The majority of ideas and treatments discussed seem harsh, cruel and inhumane by today’s standards, however, during the time periods in which these conditions occurred, they were considered to be the only way to resolve the mental illnesses engulfing the people in their society.  These ideas and treatments led to the development of psychoanalysis, a method founded by Sigmund Freud used to explore repressed emotions and experiences through the use of techniques he developed in order to delve deeper into patients mind (psychoanalysis, 2014).  Freud believed that people could be cured of mental illness simply by making unconscious thoughts and emotions conscious (McLeod, 2007).  Freud believed that psychological issues begin in the unconscious mind and symptoms of mental illness are caused by hidden experiences from development or trauma (McLeod, 2007).  Treatment of the mentally ill in Freud’s office meant the patient lied on the couch, fully relaxed, and spoke about dreams and memories to Freud who was sitting behind the patient taking notes (McLeod, 2007).  The development of psychoanalysis began while Freud was studying with John Breuer and watched as Breuer treated a patient, Anna, who suffered from hysteria and fluctuating symptoms (Goodwin, 2008).   Breuer had Anna remember back to the first experience she had with her symptoms, giving her emotional release, but it was only a temporary solution and Anna found herself in and out of asylums a few times after her treatment with Breuer (Goodwin, 2008).  This experience assisted Freud in developing his own theory about hysteria:  Memories of traumatic events may be repressed, however they still persuade behavior of hysteria in a person and the symptoms can be alleviated through catharsis (Goodwin, 2008).  This thought led him to develop free association, which allowed the patient to talk freely about anything they chose; if resistance was demonstrated at any point, he knew that topic needed to be looked into more (McLeod, 2007).


John Watson, the founder of behaviorism, theorized that behavior can be changed (Kowalski, 2011).  Behaviorists believe that behavior stems from environmental factors (Kowalski, 2011).  Watson demonstrated behavior changes through operant and classical conditioning.  Through operant conditioning, learning behavior is obtained through rewards and punishment (Kowalski, 2011).  A person who receives praise for a certain behavior will be more likely to continue the behavior than the person who is scolded for that same behavior.  Through classical conditioning, a stimulus is introduced at the same time as behavior, once the stimulus is repeated with the behavior a few times, the person links the stimulus with the behavior, turning it into an automatic response on an unconscious level (Kowalski, 2011).   A child hears the sound of a bag of chips and is given a chip, the same sound and chip is given a few more times.  Later, that same sound alerts the child to come and retrieve the chip since the sound is now associated with a chip.  Another behaviorist theory is functionalism which was founded by William James (Kowalski, 2011).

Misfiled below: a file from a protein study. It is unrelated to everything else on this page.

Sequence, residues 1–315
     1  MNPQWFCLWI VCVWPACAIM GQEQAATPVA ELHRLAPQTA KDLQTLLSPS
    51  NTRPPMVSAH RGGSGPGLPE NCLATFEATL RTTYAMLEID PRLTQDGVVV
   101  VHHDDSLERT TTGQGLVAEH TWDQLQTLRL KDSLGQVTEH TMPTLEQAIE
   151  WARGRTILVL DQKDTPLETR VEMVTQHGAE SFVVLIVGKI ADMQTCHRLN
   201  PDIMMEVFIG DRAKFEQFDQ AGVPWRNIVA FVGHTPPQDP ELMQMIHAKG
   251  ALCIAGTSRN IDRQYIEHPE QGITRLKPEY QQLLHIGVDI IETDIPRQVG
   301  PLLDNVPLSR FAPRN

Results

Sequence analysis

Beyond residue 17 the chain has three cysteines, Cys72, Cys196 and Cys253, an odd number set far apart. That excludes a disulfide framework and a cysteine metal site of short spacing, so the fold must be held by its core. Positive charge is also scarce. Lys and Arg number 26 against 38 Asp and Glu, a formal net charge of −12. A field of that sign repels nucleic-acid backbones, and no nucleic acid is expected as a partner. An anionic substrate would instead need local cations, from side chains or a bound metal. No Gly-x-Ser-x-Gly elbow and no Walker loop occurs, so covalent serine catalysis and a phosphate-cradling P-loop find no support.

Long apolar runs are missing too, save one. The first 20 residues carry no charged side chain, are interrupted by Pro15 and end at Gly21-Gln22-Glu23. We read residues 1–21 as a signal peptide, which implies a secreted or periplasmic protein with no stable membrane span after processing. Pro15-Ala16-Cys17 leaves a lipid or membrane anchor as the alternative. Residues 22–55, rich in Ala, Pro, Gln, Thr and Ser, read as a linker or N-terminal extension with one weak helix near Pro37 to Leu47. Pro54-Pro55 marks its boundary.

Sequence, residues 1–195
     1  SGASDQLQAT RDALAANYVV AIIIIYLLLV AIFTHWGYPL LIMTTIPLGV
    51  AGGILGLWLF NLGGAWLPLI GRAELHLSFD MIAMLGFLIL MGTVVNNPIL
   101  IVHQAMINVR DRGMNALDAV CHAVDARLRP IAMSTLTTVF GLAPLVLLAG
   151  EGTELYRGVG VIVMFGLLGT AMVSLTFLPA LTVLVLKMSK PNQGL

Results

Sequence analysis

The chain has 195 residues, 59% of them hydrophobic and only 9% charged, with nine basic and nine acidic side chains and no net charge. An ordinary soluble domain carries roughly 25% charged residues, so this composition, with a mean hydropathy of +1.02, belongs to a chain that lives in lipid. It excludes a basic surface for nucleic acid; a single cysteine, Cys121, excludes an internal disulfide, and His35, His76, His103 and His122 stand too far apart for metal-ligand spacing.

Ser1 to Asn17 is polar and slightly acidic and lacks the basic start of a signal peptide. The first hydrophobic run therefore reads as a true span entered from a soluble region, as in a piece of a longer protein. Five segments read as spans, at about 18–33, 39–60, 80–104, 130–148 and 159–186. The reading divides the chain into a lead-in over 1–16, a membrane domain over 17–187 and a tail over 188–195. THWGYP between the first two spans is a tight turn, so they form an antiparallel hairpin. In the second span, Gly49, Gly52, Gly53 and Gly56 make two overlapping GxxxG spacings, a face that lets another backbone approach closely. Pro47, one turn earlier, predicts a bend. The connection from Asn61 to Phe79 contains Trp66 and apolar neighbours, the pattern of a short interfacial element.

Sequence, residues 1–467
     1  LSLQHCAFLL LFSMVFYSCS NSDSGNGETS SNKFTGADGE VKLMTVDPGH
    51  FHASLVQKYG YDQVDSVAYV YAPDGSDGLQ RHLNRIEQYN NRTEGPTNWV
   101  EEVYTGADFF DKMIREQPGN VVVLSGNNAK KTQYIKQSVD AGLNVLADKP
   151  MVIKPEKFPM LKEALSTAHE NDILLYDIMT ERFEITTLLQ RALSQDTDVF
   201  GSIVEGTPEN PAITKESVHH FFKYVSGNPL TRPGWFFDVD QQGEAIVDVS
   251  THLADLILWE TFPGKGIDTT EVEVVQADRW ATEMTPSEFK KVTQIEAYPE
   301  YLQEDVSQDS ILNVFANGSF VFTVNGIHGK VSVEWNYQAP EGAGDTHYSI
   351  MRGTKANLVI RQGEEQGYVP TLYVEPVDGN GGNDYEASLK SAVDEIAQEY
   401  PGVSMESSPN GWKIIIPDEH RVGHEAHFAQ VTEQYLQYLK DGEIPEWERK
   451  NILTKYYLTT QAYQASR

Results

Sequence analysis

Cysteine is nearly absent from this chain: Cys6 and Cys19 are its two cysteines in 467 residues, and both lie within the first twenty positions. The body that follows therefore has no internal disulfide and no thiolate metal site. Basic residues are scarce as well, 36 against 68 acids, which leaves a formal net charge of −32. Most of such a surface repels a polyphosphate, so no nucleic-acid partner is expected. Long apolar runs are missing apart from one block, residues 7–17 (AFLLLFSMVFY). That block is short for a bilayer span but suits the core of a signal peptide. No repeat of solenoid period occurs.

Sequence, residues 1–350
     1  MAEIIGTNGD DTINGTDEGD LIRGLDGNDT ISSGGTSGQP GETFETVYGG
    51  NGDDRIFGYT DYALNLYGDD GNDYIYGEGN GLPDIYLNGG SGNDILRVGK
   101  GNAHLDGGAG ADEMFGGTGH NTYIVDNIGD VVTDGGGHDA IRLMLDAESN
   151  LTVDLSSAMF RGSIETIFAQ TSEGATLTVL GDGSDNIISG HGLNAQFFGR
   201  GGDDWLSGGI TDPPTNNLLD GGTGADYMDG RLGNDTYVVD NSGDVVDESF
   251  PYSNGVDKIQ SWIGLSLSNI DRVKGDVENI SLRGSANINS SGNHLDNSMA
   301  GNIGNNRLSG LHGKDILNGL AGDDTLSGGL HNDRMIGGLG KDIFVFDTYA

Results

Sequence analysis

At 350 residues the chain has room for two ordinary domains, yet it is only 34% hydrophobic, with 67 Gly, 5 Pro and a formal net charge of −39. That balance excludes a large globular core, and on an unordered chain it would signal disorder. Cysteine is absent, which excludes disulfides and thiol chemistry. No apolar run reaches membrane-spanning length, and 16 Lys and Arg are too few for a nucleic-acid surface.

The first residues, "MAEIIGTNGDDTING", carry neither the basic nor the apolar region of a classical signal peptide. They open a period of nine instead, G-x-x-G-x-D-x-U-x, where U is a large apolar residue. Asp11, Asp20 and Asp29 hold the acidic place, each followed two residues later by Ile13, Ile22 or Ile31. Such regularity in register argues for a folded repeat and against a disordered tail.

Clinical Psychology

Clinical psychology is a prime example of how things evolve over time.  Originally, psychology was a bunch of thoughts and opinions that were never proven, until the theorists became frustrated at not finding acceptable answers.  In order to prove theories true, psychology needed to take on the role of an actual science in which the theories could be tested and proven.  When society began to be bothered by a person appearing to act “abnormally” and portraying characteristics of being demonically possessed, condemnation and torture became an acceptable form of treatment.  Eventually, a new theory emerged that these “abnormal” people could be treated and cured.  The treatment has made great strides in its evolution beginning with death and ending in life.  Today, clinical psychology is vital to society’s mental health.  Clinical psychologists diagnose and treat all mental disorders (Goodwin, 200).    Through a combination of all the different theories and specialty areas of psychology, a clinical psychologist can assist a person through the healing process of mental illness.




Foerschner, A. M. (2010). “The History of Mental Illness: From ‘Skull Drills’ to ‘Happy Pills’.” Student Pulse, 2(09). Retrieved from http://www.studentpulse.com/a?id=283


Goodwin, C. J. (2008). A History of Modern Psychology (3rd ed.). Hoboken, NJ: Wiley.


McLeod, S. A. (2007). Psychoanalysis. Retrieved from http://www.simplypsychology.org/psychoanalysis.html


Mental illness. (2009). In The Penguin dictionary of psychology. Retrieved from http://search.credoreference.com.ezproxy.apollolibrary.com/content/entry/penguinpsyc/mental_illness/0


Millon, T. (2004). Masters of the mind: Exploring the story of mental illness from ancient times to the new millennium. John Wiley & Sons.


psychoanalysis. (n.d.). The American Heritage® Stedman’s Medical Dictionary. Retrieved February 24, 2014, from Dictionary.com website: http://dictionary.reference.com/browse/psychoanalysis